How to Calculate Longitudinal Slope

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Longitudinal slope is one way of terming grade or incline, as in the grade of a highway. Determining longitudinal slope has various applications in real life. The grade of things like highways or ramps for the disabled is important to make sure safety is maintained, because if they are very steep or have a high grade, they are more dangerous or even impossible to navigate. The grade of a residential road, from its center to the curb, is important in insuring proper drainage of rainwater.

  • Determine the "run" or the length of your slope. Keep in mind this measurement is equal to the distance a vehicle would travel from the start point to the top of the slope if the road were flat; it doesn't measure the actual length of a road.

  • Determine the "rise" or the elevation of your slope; the rise equals how much higher the vehicle will be after driving from the bottom to the top of the road.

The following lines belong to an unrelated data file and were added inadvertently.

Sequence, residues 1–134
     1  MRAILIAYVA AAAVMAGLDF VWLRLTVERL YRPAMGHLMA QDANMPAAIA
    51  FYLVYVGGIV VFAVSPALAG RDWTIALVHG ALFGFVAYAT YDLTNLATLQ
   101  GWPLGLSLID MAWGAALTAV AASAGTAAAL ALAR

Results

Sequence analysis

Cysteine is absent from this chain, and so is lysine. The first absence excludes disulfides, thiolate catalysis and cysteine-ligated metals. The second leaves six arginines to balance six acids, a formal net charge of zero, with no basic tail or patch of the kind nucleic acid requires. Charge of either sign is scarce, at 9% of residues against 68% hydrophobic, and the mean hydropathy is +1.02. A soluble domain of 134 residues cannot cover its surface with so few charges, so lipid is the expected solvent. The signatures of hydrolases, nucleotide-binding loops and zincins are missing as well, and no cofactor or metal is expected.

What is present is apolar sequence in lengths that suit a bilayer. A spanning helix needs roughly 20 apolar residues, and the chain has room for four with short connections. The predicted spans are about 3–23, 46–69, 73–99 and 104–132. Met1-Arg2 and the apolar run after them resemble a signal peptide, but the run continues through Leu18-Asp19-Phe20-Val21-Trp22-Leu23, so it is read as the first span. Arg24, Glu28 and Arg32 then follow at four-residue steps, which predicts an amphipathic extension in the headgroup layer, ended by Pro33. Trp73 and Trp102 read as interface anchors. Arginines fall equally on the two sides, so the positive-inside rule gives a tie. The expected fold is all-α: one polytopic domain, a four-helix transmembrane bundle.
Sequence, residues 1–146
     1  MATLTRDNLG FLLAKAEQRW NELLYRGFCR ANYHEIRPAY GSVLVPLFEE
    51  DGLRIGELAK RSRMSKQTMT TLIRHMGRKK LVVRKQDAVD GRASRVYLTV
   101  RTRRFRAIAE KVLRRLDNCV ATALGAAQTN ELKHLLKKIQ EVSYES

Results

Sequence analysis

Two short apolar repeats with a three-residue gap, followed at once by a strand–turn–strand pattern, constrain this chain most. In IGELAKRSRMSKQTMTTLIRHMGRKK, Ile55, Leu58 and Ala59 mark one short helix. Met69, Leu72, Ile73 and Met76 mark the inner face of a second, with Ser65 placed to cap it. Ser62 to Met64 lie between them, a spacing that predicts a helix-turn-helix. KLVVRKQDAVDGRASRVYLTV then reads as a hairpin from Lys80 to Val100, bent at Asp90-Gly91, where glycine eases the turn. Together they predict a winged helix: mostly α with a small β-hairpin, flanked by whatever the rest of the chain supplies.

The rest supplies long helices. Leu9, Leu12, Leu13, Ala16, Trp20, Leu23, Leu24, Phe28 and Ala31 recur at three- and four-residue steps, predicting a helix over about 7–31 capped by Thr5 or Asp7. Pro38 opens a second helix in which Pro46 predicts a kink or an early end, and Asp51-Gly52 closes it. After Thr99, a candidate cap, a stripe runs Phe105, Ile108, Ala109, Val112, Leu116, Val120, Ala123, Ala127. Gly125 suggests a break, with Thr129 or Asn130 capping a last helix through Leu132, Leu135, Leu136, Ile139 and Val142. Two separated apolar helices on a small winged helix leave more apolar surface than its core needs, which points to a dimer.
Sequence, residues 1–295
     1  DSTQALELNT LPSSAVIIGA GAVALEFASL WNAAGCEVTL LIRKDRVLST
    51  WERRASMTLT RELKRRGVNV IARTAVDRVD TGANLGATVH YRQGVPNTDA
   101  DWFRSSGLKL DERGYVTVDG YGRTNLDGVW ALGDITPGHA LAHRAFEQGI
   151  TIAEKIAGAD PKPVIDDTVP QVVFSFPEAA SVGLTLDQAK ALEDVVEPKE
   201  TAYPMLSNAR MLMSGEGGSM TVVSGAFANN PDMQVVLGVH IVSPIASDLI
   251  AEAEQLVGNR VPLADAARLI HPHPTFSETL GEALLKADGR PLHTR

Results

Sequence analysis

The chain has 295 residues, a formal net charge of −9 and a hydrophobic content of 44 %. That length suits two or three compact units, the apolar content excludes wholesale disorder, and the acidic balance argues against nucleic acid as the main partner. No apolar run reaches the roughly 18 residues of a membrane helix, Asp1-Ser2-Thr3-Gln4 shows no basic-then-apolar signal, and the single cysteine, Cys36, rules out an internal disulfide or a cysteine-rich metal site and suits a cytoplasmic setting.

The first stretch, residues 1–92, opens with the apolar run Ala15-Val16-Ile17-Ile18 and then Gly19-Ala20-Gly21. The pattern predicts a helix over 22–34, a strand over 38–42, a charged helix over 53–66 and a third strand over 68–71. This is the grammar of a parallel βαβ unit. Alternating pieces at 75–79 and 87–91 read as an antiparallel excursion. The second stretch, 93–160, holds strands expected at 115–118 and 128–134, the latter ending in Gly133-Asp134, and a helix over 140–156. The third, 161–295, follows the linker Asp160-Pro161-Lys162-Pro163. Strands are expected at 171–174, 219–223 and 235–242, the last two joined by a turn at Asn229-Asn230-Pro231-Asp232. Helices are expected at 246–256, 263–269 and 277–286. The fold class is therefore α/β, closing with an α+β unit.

• Calculate the grade or longitudinal slope of the road by dividing the rise, or elevation value, by the run, or length value; for example, if a highway rises 100 feet and its length is 1000 feet, divide 100 feet by 1000 feet to get .1 as the result.

  • Express the grade as a percent. Take the result from the previous step and multiply it by 100; according to our example, .1 is multiplied by 100 and the resulting grade is 10 percent.

Tips & Warnings

  • There are also some online calculators for various aspects of slope and grade, such as CSG Network's Grade Percent Incline and Downgrade Calculator.

References

  • Photo Credit Road image by Janne Kallio from Fotolia.com
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